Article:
More and more earbuds are featuring ambient-listening modes – Sennheiser refers to its own as Transparency Mode. The feature works decently well. It doesn't compromise audio output, so you'll still enjoy music while eavesdropping on strangers' conversations. But don't expect to hear someone hollering your name from across the street.
Digital Assistant Support
Sennheiser's two-mic beamforming technology is top-notch and picks up speech well enough to summon Google Assistant or Siri (depending on your device) for hands-free commands. Launching the digital assistant operates just as smoothly as on the MW07, although both IEMs falter in drafty conditions. My other complaint against the Momentum earbuds is that it usually requires two to three attempts before the buds register the function. But when it worked, Google Assistant answered my questions and opened programs without a hitch.
Sennheiser doesn't hide the fact that these buds have subpar battery life; a full charge supposedly provides 4 hours of playback. It's more like 3 to 3.5 hours, which places it in the same company as the MW07 (3.5 hours), but under the AirPods (5 hours) and the Elite 65t (5 hours). It's sufficient for two to three days of commuting, but not a cross-country flight.
The carry case promises up to 12 extra hours of juice, but that pales in comparison to other cases, like the Sol Republic Amps Air 2.0 (45-plus hours) and, again, the AirPods (24 hours). Even with USB-C charging, it still takes 90 minutes to fully power the buds. I also noticed the case overheats during charges.
Call Quality and Connectivity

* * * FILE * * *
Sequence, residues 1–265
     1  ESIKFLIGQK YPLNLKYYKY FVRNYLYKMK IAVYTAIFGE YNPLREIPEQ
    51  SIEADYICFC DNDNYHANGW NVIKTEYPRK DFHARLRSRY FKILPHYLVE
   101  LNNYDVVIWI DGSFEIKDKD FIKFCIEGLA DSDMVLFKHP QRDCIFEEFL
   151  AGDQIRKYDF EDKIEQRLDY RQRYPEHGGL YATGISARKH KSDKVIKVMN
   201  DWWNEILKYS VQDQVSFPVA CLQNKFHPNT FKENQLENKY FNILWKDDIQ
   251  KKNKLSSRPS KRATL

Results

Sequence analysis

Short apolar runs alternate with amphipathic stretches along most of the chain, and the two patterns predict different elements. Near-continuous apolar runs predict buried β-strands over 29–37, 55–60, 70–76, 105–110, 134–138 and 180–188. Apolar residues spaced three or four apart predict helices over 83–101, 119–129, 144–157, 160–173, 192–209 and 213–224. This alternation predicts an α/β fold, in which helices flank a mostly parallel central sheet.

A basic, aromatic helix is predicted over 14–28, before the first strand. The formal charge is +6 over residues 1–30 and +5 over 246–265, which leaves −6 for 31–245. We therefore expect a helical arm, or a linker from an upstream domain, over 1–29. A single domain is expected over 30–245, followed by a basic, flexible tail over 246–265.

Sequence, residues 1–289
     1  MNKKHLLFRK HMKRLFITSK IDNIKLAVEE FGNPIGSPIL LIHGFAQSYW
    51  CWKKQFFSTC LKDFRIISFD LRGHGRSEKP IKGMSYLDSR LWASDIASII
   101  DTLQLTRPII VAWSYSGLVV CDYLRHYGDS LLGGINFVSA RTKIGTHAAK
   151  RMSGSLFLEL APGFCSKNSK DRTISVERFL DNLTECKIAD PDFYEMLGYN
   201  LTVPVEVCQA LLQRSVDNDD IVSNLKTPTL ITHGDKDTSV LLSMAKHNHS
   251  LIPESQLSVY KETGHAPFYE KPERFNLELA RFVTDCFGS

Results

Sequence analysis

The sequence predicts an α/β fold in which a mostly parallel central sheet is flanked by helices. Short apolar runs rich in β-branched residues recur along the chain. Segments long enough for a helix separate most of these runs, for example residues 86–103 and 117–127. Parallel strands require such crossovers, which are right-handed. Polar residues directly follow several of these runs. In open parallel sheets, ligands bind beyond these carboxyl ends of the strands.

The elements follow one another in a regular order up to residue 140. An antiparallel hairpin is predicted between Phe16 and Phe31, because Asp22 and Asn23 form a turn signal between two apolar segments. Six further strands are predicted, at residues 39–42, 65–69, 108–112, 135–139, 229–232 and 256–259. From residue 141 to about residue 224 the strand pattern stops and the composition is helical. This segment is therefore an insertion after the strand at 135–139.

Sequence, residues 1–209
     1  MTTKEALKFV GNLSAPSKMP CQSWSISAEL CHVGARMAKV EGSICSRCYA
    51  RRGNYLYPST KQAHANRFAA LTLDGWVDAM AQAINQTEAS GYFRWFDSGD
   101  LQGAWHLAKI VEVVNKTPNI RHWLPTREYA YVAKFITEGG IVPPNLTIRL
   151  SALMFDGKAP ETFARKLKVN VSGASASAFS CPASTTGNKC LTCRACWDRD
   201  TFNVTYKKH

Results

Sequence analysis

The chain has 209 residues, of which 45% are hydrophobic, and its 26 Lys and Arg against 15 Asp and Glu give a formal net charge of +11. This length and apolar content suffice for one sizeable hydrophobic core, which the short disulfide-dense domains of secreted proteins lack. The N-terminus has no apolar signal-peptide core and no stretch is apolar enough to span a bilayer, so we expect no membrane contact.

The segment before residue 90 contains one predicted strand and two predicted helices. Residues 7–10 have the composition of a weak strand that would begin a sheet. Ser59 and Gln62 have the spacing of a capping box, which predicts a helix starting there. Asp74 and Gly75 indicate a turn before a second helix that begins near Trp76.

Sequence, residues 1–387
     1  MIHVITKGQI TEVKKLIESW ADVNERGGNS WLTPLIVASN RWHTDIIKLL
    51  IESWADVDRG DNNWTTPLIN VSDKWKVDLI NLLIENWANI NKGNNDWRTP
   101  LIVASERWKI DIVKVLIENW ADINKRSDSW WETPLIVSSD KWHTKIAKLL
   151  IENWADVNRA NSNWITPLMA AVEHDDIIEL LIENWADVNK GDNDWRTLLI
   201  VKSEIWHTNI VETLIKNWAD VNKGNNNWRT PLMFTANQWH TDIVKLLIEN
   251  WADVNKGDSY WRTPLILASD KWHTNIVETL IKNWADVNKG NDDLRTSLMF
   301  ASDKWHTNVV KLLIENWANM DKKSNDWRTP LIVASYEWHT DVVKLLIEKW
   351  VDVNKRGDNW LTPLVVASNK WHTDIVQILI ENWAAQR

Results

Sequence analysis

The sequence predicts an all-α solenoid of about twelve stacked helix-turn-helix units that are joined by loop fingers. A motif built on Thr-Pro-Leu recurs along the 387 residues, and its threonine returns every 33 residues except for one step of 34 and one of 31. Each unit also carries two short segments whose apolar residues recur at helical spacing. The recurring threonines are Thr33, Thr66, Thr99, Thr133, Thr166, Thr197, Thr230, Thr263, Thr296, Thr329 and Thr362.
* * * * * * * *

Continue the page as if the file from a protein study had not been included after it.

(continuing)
As a calling headset, the Momentum True Wireless is a step up from most of the competition. Vocals were crisp and full. The mics helped neutralize noise, allowing callers to hear me clearly when strolling through busy streets.
On the flip side, Bluetooth 5.0 wasn't as stable as I would have liked. The buds struggled to communicate with my smartphone, though they connected instantly to my laptop. Another issue was range. Stutter became noticeable around the 30-foot mark, which is standard performance for Bluetooth 4.2 devices, not the latest Bluetooth protocol.
At $300, the Sennheiser Momentum True Wireless earbuds are an expensive investment, but one that provides category-leading sound and great call quality. The deep, wide soundstage is slightly better than the MW07's, creating a neutral-listening environment to hear most of the details on a recording. However, unpolished controls and weak battery performance hold the earbuds back from their full potential.
Can you find other models with great comfort and performance at nearly half the price? Yes. The Elite 65t is our current favorite, listed at $150. Just know that Sennheiser's sound quality is superior and more rewarding, especially if you have the money to splurge.
Credit: Regan Coule/Tom's Guide